Dad Calls Out Asda For Kids' Tops That Reinforce A Culture Where Girls Aren't Pushed To Achieve

'They weren’t just perpetuating a stereotype... they were almost intentionally revelling in it.'

A dad has called out Asda for selling kids’ tops that reinforce stereotypical gender roles, which mean girls are not pushed to achieve, yet boys are taught to see themselves as “future high flyers”.

Richard Osmond, 30, from Hertfordshire, tweeted a photo of two sets of tops, which compared a boys’ “high flyer” top to a girls’ set with the slogan “adorable” on the front.

“At Asda the baby clothes aisle has a boy side and a girl side,” Osmond tweeted on 14 January. “Here’s a sample from each, because boys achieve great things for themselves and girls are sexy mice.”

Speaking to HuffPost UK, Osmond, who has an eight-week-old daughter, said: “The tops I showed weren’t just perpetuating a stereotype... they were almost acknowledging the stereotype and intentionally revelling in it, in a really self-aware way.

“The boy shirt wasn’t just reinforcing the stereotype of the energetic adventurous boy - it was literally making claims about that boy’s future life and career.”

Osmond said he received many comments criticising him for calling out the clothes, with people arguing that not all clothes need to be gender neutral.

“People have been saying that I want to dress all kids in grey jumpsuits, or prohibit people from calling their daughters adorable, or deny people the right to dress boys and girls differently, but I don’t,” he explained.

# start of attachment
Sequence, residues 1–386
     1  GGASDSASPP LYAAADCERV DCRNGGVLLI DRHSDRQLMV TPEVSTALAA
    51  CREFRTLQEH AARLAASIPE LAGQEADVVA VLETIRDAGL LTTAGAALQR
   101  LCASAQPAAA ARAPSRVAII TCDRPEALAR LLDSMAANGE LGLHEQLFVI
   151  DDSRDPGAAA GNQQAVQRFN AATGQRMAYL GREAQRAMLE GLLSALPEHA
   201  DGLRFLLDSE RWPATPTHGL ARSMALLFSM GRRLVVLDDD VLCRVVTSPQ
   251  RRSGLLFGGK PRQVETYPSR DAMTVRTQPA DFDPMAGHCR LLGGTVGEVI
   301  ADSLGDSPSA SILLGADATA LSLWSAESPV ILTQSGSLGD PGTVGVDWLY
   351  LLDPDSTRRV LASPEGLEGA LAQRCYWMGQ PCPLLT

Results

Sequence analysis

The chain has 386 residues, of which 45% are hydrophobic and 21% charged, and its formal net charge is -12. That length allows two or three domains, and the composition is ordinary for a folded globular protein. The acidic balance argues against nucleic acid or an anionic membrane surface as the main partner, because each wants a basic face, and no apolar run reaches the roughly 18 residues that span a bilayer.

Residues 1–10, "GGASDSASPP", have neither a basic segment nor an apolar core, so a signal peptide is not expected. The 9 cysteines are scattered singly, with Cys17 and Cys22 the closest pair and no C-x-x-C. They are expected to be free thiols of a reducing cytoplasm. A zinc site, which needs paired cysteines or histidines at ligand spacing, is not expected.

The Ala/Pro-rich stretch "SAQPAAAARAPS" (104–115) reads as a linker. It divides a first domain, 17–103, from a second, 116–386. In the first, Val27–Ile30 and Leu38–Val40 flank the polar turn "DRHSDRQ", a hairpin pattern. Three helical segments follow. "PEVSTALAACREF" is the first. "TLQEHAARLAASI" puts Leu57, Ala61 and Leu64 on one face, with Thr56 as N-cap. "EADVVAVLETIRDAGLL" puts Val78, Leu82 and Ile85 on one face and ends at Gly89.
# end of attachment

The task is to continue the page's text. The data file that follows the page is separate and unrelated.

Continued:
“All I would want is that particular types of value aren’t limited to one gender or the other.

“If you want your daughter to be all pink all the time, fine, but the problem is all these pink girls’ clothes reinforce a culture in which girls are not pushed to achieve anything except prettiness, adorableness and passive loved-ness.”

Osmond said he doesn’t think the problem is the fact that if a child wears a top that says “adorable” rather than “future high flyers”, their life course is going to be changed.

Rather he believes the tops are indicators of a culture in general, “an expression of problems which are much wider than Asda,” he added. “But I’d like to inspire those people to see that they can break the negative stereotype without taking away cute adorableness from their daughters.”

In response to the complaint, an Asda spokesperson told HuffPost UK: “We offer a wide range of children’s clothing. Our intention is to make clothes people love, never to offend”.

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